Indeed, when she was writing Eat, Pray, Love she hit an impasse and thought that her work was doomed to fail and that she should just stop writing. However, she sought inspiration from the poet Ruth Stone and the musician Tom Waits, because both of these artists heard inspiration from outside themselves and caught it before it disappeared. She says that Ruth Stone would literally envision a poem running after her and so she ran to her house and furiously “grabbed” the poem by writing it on the page as fast as she could before it went flying off looking for another poet. Tom Waits, as he got older, heard a melody in his head while driving his car and, instead of worrying about whether he’d lose that idea, literally looked up at the sky and said for the idea to let him drive and come back to him later. So what Gilbert did was actually look up from her manuscript at a empty spot in a wall and tell that spot that it needed to help her find inspiration instead of letting her do all the work, and that if it doesn’t show up, then she’s going to keep writing because that’s what she loves.

I really like what she said in both of these TED Talks because I think as creatives we tend to get really hard on ourselves. We consume a lot of other people’s work and while that’s good for inspiration, if we use it to compare ourselves to these other artists, we won’t really get a chance to bring our brilliant ideas to the table. While at work, I had a lot of down time, so I sought out fodder I could use for my blog, in the form of news articles, pieces on personal finance, YouTube videos. However, I came to a standstill and realized that I was consuming a lot of material and not really forming my own opinions on that material. So that’s why it helps me to get off the computer, get off my phone for a while, so that I can think without too much external stimuli. Looking up from my work or taking a break from practicing my instrument to just walk around has helped me find inspiration that I didn’t think I had before. I went the other day to a garden store and even just being outside with nice-smelling plants and fresh air helped me get out of my head and come back to why I was doing all this creative work in the first place. I really like how Gilbert talks about the history of creative philosophy because I didn’t understand why I felt so selfish pursuing writing or music, and understood that there was, along the course of history, a development of thought that began to emphasize a more self-focused approach to creativity, one where the artist takes all the credit. However, I think it’s hard to take all the credit because as artists we constantly influence one another. Lady Gaga influenced the musical styles of several artists, just as Lady Gaga herself had numerous musical influences growing up. When we approach the works of others with a healthy mindset that we are going to learn from their works and then critically think about their work from our point of view, and how these works can inspire us in some way to create our own work, then we can each let our muses work at their finest and contribute to our creativity in life-changing ways.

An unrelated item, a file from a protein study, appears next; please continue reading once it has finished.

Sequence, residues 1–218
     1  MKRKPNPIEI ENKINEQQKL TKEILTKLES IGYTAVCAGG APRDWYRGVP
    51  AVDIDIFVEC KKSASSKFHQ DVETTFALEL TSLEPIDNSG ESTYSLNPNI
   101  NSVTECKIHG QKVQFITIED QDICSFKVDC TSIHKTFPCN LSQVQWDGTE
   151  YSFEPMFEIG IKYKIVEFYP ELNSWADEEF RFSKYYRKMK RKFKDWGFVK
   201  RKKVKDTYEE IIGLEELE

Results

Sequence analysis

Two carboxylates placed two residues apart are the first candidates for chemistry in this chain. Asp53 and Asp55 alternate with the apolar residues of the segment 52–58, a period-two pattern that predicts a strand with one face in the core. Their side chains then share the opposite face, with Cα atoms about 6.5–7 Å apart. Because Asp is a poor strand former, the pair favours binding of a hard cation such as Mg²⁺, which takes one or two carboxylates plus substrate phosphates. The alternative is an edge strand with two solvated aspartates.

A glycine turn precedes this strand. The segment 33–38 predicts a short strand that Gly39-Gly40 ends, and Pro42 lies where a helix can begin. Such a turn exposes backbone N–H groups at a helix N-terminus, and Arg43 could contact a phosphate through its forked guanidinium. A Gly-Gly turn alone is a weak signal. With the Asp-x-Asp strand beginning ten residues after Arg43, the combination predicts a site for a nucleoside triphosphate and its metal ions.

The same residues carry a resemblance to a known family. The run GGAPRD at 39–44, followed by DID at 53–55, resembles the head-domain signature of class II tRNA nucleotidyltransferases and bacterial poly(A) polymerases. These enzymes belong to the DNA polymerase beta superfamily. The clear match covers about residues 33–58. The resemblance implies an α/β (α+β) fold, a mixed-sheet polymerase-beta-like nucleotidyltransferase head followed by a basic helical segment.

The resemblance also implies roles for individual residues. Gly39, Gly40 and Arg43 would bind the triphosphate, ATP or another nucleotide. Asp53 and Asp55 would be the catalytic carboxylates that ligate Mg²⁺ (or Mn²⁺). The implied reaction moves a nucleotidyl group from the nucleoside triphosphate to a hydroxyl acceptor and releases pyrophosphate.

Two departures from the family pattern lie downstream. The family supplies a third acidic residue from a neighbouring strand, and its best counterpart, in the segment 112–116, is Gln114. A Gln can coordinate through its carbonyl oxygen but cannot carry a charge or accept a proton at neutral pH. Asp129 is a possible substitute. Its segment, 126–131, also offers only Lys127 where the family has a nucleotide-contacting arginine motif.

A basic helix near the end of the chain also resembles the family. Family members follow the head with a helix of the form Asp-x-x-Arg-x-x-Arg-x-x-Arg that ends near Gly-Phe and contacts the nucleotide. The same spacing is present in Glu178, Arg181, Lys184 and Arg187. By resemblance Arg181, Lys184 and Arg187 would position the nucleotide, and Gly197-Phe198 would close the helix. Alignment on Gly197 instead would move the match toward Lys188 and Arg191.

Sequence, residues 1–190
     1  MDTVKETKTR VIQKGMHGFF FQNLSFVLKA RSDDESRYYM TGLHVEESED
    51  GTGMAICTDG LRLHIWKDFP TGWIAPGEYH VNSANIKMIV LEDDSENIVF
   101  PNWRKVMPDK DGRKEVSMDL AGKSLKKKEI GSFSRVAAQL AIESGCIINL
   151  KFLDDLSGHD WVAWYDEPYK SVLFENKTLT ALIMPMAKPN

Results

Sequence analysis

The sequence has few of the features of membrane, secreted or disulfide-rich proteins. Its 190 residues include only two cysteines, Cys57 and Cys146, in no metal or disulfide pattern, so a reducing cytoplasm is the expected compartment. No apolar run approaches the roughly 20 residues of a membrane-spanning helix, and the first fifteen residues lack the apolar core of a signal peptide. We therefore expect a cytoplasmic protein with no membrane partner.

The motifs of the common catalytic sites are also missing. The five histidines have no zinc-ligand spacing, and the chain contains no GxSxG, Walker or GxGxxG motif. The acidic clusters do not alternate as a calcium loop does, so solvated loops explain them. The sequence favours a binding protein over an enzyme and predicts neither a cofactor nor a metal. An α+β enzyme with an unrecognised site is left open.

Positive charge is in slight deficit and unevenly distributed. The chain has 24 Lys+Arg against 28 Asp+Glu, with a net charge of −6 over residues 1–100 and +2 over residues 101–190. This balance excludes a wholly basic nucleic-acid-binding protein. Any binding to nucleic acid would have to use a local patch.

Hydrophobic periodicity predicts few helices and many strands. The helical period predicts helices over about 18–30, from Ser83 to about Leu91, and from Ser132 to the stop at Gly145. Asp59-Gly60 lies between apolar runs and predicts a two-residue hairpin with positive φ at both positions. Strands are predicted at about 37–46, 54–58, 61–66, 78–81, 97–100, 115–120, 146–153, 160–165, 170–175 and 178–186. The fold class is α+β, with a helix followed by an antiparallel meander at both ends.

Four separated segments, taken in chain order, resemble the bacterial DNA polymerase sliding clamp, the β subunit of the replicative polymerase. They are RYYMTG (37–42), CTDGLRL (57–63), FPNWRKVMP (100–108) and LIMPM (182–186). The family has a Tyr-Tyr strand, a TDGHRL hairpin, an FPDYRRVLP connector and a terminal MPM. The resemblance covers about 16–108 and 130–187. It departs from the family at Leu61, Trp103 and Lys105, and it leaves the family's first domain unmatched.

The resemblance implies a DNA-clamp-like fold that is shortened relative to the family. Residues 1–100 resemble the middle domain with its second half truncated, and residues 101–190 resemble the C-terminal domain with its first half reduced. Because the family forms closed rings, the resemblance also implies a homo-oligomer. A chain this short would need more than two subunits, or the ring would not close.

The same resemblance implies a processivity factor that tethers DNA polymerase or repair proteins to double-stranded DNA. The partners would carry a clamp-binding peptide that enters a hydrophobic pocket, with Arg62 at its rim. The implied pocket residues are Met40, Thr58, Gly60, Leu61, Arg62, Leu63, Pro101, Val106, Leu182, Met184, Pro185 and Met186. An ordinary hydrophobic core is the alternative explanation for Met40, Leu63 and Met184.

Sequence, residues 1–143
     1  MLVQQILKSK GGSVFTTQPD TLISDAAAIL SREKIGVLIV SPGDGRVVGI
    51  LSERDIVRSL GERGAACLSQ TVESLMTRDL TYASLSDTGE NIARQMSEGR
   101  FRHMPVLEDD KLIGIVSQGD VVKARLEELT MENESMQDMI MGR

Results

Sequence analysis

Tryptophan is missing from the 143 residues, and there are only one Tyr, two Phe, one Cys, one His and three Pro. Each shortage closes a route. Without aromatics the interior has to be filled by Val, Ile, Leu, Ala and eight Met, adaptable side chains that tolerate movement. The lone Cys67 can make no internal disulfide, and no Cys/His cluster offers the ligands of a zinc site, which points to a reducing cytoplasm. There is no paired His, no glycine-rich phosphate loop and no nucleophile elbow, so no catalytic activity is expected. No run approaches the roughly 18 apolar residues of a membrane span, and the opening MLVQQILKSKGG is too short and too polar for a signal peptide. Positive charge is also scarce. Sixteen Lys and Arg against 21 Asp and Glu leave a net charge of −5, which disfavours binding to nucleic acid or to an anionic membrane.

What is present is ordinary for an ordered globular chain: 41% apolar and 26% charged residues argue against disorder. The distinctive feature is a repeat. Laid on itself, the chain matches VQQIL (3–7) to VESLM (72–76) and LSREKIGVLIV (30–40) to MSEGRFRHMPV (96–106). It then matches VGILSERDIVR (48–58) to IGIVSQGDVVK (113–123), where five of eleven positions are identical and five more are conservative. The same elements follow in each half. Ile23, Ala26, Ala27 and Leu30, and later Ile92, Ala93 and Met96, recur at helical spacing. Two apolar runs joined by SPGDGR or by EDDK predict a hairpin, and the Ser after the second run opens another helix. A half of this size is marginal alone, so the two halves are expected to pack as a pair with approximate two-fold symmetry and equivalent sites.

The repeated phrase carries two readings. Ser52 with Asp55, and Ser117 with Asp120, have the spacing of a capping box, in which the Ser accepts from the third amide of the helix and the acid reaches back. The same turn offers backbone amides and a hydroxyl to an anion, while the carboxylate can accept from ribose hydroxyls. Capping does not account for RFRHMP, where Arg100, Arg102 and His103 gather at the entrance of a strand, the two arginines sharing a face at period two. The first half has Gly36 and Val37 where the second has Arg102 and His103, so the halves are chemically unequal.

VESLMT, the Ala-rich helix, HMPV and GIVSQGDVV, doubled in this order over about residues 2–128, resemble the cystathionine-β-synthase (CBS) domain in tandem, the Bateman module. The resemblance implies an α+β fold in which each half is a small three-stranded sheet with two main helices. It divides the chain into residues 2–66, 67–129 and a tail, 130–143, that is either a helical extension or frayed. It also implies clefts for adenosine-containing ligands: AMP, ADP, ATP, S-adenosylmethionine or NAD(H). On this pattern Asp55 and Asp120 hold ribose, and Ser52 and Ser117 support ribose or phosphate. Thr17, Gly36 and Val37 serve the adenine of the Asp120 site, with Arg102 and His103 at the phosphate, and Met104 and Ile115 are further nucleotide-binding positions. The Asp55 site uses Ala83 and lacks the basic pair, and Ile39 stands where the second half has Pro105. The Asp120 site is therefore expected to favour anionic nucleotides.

To seek inspiration from Gilbert’s two incredibly inspirational TED Talks, these videos are below.